Writing from a Dark Place

Last week I had some dark days. Sammie, my cat who has oral carcinoma, stopped eating. Well, not entirely. But she refused her Fancy Feast moist food and mostly pushed her tuna fish around the bowl while eating very little of it. She picked at her dry food, but left the bulk of it uneaten and soggy from drool. After several months of basically ignoring the inevitable, I assumed that the tumor had finally grown to the point of discomfort and would soon grow to the point where decisions would have to be made.

I made an appointment with the vet, but in the meantime, I spent every available moment with Sammie, coddling and cuddling her.

Tuesday, I attended a Pennwriters meeting where I learned of a call for submissions for inspirational stories for cat lovers. So Wednesday I sat down at my computer and began to pour out Sammie’s story. I figured if it didn’t get accepted, at least it would be something I could hold onto, a remembrance of my kitty girl.

Writing that first draft was like surgery without anesthesia. I laid my heart open. I wept. Then I had to pull myself together and go teach yoga. It probably wasn’t the best choice of times to write that sort of thing. But I think it’s good. For a first draft.

Thursday, I took Sammie to the vet, braced for bad news and armed with information about pain meds. Instead, I learned that the tumor hasn’t grown all that much. Instead, Sammie has an ulcer near the tumor that was inflamed and infected. Her horrible breath was testimony to the presence of bacteria. So instead of pain meds, I’m giving her antibiotics. Instead of being on final countdown, we’re back to living with this disease day-by-day.

Which leaves me with Sammie’s story. I still intend to finish it and to submit it. I want to keep the emotional impact that I poured into the piece when I was at one of my darkest moments. However, I still need to revise and polish it. I need to go back into that dark space in my mind, back to the sadness of that day, in order to finish it. And I don’t want to.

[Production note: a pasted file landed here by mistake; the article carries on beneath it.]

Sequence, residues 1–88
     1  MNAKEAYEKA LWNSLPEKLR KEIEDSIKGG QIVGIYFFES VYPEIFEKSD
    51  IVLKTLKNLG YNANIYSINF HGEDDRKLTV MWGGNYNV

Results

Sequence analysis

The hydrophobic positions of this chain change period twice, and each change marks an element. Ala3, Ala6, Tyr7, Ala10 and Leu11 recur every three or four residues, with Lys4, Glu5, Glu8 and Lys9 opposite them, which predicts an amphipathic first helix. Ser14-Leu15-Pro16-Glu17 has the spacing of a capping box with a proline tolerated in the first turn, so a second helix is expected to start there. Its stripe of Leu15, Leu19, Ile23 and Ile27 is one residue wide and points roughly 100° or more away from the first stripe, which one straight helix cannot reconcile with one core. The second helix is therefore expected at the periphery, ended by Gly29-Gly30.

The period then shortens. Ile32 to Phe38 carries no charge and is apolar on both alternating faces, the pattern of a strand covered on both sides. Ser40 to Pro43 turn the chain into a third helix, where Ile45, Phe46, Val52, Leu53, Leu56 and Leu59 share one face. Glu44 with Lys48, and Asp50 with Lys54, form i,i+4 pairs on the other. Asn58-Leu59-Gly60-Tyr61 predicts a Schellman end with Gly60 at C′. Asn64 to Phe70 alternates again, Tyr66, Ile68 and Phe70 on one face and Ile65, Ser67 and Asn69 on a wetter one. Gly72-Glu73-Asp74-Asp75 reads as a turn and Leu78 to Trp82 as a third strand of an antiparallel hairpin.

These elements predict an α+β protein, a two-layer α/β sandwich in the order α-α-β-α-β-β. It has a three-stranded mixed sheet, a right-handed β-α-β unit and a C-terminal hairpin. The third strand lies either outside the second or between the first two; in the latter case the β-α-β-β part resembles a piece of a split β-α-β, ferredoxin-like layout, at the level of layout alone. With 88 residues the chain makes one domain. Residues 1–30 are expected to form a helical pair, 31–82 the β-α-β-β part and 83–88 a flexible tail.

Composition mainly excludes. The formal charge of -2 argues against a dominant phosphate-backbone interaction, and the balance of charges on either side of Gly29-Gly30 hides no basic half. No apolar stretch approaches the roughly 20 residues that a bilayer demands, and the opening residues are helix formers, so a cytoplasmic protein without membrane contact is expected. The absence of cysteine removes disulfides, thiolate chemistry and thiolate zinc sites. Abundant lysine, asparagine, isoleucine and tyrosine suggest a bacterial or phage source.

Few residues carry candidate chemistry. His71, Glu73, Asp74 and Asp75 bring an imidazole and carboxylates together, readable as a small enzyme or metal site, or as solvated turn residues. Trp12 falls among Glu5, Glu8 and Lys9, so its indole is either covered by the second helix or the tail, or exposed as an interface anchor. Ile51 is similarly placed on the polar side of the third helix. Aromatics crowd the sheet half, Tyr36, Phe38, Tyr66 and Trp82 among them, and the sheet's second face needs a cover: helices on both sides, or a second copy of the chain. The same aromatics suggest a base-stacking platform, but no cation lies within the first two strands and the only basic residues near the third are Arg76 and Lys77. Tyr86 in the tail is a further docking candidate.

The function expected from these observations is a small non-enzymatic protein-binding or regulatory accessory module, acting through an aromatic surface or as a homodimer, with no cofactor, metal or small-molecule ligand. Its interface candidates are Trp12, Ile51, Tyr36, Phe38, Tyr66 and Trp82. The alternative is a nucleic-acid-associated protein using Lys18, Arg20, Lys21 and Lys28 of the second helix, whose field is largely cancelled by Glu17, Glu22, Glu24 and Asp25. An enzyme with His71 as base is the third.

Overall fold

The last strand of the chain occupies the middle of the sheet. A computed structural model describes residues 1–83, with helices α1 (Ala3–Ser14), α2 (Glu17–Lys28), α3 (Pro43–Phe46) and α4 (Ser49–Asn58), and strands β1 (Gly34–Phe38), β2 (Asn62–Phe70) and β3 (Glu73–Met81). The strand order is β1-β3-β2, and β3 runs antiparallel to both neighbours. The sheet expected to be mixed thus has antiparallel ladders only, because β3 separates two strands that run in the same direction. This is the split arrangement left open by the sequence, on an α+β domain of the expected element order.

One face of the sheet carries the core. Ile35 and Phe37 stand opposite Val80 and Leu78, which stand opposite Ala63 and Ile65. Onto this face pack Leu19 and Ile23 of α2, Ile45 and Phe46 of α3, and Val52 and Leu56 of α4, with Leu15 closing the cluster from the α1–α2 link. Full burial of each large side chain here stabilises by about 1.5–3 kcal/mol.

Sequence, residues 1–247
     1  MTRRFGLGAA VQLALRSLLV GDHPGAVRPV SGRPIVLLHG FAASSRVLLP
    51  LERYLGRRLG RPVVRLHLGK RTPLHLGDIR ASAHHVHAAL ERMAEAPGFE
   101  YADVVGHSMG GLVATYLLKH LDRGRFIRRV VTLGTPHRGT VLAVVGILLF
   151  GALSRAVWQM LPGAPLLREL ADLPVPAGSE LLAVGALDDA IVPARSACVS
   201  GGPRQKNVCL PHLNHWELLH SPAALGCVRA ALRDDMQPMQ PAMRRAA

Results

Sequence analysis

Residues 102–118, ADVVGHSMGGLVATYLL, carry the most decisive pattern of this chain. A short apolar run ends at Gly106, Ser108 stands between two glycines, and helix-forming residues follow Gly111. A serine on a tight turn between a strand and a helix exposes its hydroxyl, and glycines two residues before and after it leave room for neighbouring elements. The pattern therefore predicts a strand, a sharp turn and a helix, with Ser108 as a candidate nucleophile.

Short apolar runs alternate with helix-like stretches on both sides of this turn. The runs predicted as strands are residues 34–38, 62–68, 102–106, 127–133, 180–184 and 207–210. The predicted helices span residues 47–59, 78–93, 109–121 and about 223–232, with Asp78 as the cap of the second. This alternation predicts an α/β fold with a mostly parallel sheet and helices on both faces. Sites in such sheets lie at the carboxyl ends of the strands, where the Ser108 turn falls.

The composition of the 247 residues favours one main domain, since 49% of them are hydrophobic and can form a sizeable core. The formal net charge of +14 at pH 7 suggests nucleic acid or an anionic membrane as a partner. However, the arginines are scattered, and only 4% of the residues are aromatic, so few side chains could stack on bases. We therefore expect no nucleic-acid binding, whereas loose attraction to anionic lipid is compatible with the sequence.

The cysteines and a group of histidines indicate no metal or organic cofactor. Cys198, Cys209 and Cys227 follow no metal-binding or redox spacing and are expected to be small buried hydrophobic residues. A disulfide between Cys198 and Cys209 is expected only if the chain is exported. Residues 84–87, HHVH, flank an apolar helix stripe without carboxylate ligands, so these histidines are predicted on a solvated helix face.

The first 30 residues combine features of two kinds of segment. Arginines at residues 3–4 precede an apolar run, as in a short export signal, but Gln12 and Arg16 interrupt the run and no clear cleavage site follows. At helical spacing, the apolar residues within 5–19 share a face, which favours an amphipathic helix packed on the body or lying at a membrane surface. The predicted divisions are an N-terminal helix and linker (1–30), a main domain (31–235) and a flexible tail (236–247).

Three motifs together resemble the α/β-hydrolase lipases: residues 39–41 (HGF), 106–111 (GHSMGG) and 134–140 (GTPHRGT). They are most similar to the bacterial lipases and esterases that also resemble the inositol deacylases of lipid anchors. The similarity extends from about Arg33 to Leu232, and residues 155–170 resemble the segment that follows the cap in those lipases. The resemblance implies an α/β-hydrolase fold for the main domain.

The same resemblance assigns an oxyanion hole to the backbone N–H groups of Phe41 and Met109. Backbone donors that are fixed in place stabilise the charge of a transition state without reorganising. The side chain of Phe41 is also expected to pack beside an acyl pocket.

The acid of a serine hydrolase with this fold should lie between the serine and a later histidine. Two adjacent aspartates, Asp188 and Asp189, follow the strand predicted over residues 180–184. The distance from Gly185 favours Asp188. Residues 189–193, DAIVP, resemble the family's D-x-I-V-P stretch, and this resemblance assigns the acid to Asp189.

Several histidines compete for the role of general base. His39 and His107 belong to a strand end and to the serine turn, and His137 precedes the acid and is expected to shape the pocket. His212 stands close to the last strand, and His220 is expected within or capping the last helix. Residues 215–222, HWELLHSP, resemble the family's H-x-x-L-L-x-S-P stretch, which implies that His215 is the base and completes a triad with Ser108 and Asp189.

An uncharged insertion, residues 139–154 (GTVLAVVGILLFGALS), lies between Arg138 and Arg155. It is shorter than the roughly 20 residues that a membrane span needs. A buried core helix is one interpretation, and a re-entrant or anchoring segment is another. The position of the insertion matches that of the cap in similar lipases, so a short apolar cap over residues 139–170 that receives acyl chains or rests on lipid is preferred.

Writing is often like that. To involve the reader, we have to put emotion on the page. To put emotion on the page, we have to go inside, cut our souls until they bleed and then pour every drop of blood and every tear into our story. When we’re already experiencing a dark day, it’s not much of a stretch. We’re already there. Might as well take advantage and write about it. But now that I’ve come out it into the light…now that Sammie is happy and I’m relieved, I have to put myself back into that mind-frame.

Is it any wonder that so many writers drink?

Okay, I don’t drink. Chocolate is my drug of choice. I have a drawer full of the stuff. Today, I will need it. This afternoon I will revisit my dark place and finish the story. And afterwards, I’ll emerge and have a Lindor truffle.


Joyce said…
Great post, Annette!

I'm reluctant to visit those dark places, too, but it makes our writing so much richer if we can immerse ourselves in the experience. Not fun, but our readers will appreciate it!

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